Another, more low-tech option is "phone coaching". At DDI we provide clients with interviewer training via the Internet or on CD-Rom. After individuals have learned the basic skills of interviewing applicants, they need to practise before going out and trying their skills out on actual applicants.

We can help them do this in three ways:

q The individuals group together for practice sessions where they role- play interviews and give feedback.

q Key managers such as regional sales managers are trained to coach newly- appointed subordinate leaders through practice interviews or real life interviews.

q Phone practice is given, after which the individual is given a free number in the US to set up an appointment several hours later to practise their techniques with an expert interviewer, who will then give them feedback

People know they need to plan their career, think through their strengths and weaknesses - but they often don't get around to doing it. When they are motivated, organisations need to be able to help them and this is another opportunity for the intranet, since recruitment advertisements and developmental activities can be housed in the same online library.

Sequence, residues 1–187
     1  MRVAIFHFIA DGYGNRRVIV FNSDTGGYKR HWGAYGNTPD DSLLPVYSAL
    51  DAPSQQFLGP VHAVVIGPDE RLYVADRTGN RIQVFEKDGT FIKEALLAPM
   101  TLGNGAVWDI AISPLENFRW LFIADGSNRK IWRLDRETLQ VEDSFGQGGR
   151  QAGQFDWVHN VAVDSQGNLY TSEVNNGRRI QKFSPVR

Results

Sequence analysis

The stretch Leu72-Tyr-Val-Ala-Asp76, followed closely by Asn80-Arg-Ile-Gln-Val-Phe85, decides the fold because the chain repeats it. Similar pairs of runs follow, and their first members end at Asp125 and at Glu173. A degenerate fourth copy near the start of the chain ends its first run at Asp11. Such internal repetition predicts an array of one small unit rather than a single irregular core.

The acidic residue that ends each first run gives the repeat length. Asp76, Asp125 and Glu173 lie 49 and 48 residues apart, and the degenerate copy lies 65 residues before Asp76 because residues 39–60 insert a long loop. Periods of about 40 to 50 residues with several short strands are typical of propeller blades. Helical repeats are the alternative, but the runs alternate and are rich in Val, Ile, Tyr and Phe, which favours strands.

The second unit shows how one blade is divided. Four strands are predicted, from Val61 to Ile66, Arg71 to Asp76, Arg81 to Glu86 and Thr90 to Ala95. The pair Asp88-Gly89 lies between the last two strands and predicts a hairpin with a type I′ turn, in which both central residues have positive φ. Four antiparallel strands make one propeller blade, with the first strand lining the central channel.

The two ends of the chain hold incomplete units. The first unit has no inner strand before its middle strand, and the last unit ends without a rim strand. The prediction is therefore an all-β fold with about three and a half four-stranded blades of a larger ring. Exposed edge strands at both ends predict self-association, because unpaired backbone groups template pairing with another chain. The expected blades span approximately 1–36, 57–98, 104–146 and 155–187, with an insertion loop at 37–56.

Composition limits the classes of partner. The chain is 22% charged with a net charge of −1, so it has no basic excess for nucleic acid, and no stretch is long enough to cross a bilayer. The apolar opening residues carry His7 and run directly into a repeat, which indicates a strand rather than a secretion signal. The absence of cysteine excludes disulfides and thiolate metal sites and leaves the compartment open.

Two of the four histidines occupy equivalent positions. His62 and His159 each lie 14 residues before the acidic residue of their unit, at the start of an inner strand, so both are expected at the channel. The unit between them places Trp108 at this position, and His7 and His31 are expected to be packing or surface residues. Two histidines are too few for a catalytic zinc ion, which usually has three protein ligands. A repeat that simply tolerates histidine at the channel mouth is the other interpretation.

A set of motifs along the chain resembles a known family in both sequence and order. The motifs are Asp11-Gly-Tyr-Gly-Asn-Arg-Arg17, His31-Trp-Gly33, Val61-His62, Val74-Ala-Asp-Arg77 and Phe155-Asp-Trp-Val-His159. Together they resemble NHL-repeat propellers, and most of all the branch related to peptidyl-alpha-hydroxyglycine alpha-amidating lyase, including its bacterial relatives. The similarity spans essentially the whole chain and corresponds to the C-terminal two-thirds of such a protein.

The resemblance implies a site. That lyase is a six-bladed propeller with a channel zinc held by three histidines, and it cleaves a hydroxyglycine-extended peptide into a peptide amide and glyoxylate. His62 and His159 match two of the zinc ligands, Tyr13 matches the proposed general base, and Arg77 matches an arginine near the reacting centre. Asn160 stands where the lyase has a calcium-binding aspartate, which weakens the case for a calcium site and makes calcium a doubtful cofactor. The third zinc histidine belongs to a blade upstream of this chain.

In this summary of the technology associated with just-in-time training development and coaching, I've described features and programmes that exist today. These are the features I feel have the most potential to provide the training necessary for the workforce of the future, to provide you with the strategic advantage that is effective training.

Bill Byham is Chief Executive Officer of Development Dimensions International (DDI).

PROMOTED VIDEO
News
video
Life and Style
tech
Sport
Jodie Stimpson crosses the finishing line to win gold in the women's triathlon
Commonwealth games